• ​“We’re in a crowded categor​y, an​d there’s nothing material that separates what we do.”  We hear this more frequently than you might imagine; it’s a common sentiment in competitive segments like professional services and certain manufacturing sectors.  In a timely turn of events, The Good Wife’s main character Alicia Florrick delivered the following line in the most recent episode, summing up the problem succinctly:  “The firm needs to be defined. It needs an identity. All service firms tend to do too much. No one knows what they’re about.” Alicia may be a fictional lawyer, but she cited a real issue. ​


Why is it, then, that so many brands do little to try to cr​eate separation between themselves and their competitors? Simply put, it’s their way of casting a wide net. Out of fear of limiting potential sources of revenue, their value proposition remains vague in hopes that they don’t turn business away. However, that rationale is faulty. Trying to be all things to all people, as the CBS TV writers pointed out, is the surest way not to stand for anything at all, relegating your brand to commodity status. With no distinguishing attributes, “me-too” brands inherently compete on price, defeating the purpose of having a brand in the first place, which is to create value.


  • Complex or intangible p​roducts/services cannot be distilled down into tangible benefits like most consumer goods can.”  This is another popular obstacle in the path of strong brand differentiation, but it’s built on a misconception that intangible or complex value propositions are somehow above being considered brands at all. Realize that every “sell” doesn’t always result in a simple business transaction. Whether you’re providing financial services, admitting students to a college, building a new housing development or encouraging people to become organ donors, you still have “consumers” and differentiation would benefit your brand. 


  • “We’re not a product or​ service; we have no competition.” This bit of feedback is related to the one above. Every brand has competition, it’s just a matter of how direct the competition is. Sure, Coke has Pepsi and a long list of other carbonated soft drinks, but there are also bottled waters, iced teas, energy drinks and juices to consider – all on nearby grocery shelves – but what about tap water? And beer? The point is that thinking about your competition in more general terms can only help your marketing efforts. It’s less about knowing what brands are being chosen in place of yours (although that’s important too, as you will learn in an upcoming blog post); instead, consider what factors are keeping consumers from choosing your brand in general.  If you are a marketing director for a trade association, for example, what’s keeping you from increasing membership? Perhaps there’s no other association in your industry (direct competitors), but there are still plenty of alternatives to your brand. They can learn about best practices by following industry blogs, or they can network and search for jobs via LinkedIn or other social networks. There may be ad hoc industry groups on a local level that depress your membership. In any case, awareness of these circumstances is an important initial step toward differentiating your brand and adding real value to your organization.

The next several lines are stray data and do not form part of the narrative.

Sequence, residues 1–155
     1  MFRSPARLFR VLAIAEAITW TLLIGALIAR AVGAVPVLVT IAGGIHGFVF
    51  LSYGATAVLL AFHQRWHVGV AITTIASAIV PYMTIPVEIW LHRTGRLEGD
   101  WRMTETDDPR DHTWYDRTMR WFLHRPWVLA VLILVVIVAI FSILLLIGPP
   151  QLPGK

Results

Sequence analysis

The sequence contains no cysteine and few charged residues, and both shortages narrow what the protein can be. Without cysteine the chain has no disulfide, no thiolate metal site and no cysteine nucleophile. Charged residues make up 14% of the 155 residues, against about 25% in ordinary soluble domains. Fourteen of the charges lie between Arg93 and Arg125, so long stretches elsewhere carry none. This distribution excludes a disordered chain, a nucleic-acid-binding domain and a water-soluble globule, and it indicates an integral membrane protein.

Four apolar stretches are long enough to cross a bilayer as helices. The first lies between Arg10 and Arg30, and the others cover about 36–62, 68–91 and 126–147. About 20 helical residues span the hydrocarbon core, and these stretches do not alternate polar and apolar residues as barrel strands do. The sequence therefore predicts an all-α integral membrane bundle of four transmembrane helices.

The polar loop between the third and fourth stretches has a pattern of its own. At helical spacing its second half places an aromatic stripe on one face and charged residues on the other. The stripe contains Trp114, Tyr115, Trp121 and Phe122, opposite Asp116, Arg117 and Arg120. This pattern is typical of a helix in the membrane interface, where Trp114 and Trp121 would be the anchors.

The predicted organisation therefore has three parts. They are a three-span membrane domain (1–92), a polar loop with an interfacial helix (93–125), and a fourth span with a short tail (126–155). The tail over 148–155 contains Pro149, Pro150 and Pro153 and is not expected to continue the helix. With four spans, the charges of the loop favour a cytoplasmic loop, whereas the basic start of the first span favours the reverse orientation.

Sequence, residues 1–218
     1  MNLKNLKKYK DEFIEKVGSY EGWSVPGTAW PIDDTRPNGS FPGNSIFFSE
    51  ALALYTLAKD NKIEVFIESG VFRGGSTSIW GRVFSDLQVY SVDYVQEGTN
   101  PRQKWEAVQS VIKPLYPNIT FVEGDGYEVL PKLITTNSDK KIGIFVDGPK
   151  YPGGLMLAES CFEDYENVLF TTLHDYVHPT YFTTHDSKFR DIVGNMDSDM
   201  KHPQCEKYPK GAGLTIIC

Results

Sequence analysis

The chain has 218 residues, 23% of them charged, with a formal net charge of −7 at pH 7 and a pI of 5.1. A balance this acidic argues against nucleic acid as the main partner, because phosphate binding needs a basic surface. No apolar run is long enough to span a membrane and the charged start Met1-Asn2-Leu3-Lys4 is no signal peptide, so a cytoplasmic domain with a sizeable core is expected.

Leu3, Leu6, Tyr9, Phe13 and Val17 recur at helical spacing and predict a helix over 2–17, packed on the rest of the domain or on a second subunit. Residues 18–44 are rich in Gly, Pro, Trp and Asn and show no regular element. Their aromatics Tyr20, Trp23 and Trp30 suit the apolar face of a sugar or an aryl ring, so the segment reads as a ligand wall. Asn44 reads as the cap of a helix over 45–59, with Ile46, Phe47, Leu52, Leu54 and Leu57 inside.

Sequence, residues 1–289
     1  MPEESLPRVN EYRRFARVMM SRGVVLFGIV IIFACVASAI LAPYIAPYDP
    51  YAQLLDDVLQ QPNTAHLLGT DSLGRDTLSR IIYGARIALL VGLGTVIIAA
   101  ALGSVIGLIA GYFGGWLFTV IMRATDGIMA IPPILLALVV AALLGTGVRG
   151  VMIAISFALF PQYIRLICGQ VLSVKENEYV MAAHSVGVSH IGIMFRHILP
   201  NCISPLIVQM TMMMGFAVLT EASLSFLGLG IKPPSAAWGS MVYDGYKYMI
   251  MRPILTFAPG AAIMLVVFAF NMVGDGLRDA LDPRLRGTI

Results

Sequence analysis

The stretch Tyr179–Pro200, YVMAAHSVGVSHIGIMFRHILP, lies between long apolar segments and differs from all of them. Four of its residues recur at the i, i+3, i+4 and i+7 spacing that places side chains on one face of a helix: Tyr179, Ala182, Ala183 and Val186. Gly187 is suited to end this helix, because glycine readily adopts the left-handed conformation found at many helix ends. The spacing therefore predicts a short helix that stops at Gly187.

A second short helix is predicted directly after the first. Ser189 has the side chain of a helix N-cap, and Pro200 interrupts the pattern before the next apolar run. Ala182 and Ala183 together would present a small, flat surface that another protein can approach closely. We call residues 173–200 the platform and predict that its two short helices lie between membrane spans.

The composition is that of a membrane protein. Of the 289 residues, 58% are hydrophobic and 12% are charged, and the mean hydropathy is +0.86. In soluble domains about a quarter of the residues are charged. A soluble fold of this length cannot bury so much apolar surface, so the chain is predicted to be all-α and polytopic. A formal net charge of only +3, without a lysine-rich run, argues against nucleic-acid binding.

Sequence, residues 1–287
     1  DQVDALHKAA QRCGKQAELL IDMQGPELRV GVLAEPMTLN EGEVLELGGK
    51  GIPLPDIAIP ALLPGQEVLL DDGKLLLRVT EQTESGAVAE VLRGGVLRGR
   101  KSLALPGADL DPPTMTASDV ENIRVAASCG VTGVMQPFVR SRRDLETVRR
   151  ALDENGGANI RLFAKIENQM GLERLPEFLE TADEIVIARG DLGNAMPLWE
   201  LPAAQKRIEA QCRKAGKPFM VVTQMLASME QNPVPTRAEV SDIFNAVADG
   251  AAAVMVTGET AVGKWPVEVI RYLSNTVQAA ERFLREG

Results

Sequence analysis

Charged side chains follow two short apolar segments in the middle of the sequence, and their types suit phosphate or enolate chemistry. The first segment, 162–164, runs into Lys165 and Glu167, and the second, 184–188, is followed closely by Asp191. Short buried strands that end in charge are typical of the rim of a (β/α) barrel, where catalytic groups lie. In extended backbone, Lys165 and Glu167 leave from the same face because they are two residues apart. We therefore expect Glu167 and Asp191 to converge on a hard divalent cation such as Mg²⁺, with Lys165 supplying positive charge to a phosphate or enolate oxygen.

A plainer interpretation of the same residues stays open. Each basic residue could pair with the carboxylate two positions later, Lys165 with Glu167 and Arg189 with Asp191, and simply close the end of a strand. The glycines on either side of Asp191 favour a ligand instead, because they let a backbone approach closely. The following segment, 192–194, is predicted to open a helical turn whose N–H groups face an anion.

Now that we’ve convinced you (hopefully) that differentiation is necessary, stay tuned for our next blog that explores various ways to do so.  

Until then, if you have feedback or questions, drop us an email at 

Apr 2016